Humboldt-Universität zu Berlin - Quarterly Journal of International Agriculture

Quarterly Journal of International Agriculture No. 4/06

Transaction cost analysis of upstream-downstream relations in watershed services: lessons from community-based forestry management in Sumatra, Indonesia

Bustanul Arifin
University of Lampung, Indonesia


This study analyses transaction costs occurring in the existing set-up of upstream-downstream relations and reward mechanisms in watershed services in Sumatra, Indonesia. The rewards are manifested in property rights reforms that provide ‘recognition’ and remove ‘fear of eviction’ among local communities by granting them the right to utilize land within the ‘protected forest’, such as implemented under the community-based forestry management (CBFM) policy. The study sites of Sumber Jaya watershed in Sumatra, Indonesia, have acquired notoriety due to conflicts between state and society over watershed functions, and among stakeholders such as coffee growers, domestic water-users, the hydroelectric power company, etc. The estimated transaction cost of implementing the rewards is US$ 55 per household, which is relatively high by rural standards. This total comprises the cost of searching for information (70%), of organizing the group (27%), and of enforcing working rules and regulations (3%), implying non-efficient economic organization of society and non-clear policy structures at regional and national level. The role of intermediaries such as NGOs (national and international) is extremely important in implementing a negotiation support system and developing a multi-stakeholder strategy to reduce transaction costs, and especially to ensure conflict resolution, improve trust and sharing of responsibility to achieve more sustainable resource management.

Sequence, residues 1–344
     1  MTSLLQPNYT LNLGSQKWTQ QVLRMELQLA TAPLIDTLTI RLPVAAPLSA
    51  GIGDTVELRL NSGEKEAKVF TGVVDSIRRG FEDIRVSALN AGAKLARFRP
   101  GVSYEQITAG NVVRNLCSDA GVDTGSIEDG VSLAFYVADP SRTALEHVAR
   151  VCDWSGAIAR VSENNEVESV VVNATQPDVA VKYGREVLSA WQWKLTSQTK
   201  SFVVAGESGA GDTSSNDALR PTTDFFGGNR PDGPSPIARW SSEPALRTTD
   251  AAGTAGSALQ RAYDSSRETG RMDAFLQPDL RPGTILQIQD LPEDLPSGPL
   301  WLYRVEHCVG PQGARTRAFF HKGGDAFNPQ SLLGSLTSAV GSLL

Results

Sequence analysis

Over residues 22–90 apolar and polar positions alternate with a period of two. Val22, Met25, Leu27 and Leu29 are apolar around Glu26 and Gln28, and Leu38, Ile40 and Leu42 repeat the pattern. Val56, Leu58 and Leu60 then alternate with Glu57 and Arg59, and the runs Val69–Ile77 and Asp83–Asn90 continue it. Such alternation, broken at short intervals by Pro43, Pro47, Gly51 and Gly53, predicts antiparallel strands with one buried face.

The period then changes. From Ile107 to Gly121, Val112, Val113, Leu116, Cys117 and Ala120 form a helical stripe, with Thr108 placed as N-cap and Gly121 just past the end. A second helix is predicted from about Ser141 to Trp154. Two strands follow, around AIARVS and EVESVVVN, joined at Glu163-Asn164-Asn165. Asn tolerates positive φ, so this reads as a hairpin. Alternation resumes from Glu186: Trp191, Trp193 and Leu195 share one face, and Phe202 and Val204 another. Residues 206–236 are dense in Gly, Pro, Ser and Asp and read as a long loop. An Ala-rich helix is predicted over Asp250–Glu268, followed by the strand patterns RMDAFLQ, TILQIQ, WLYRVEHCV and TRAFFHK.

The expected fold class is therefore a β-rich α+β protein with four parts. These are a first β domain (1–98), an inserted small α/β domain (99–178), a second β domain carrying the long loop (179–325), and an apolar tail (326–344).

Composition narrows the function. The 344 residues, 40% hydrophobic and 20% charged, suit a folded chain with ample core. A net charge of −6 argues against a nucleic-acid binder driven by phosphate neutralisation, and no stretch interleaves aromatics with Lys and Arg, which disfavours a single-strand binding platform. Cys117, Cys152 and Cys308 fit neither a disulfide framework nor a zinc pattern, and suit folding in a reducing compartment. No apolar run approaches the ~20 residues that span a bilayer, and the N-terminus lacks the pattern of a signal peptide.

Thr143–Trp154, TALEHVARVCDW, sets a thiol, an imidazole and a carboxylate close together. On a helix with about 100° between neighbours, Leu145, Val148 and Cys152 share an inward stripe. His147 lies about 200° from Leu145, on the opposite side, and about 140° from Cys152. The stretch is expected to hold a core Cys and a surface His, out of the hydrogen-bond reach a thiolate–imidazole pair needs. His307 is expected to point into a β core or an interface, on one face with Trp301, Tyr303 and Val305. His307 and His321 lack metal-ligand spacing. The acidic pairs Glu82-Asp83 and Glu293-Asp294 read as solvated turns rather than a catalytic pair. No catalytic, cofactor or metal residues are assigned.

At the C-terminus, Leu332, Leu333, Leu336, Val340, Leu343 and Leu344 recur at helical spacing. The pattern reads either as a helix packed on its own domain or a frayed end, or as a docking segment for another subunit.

Keywords: environmental services, transaction costs, Indonesia

JEL: Q15

Vol. 45 (2006), No. 4: 361-375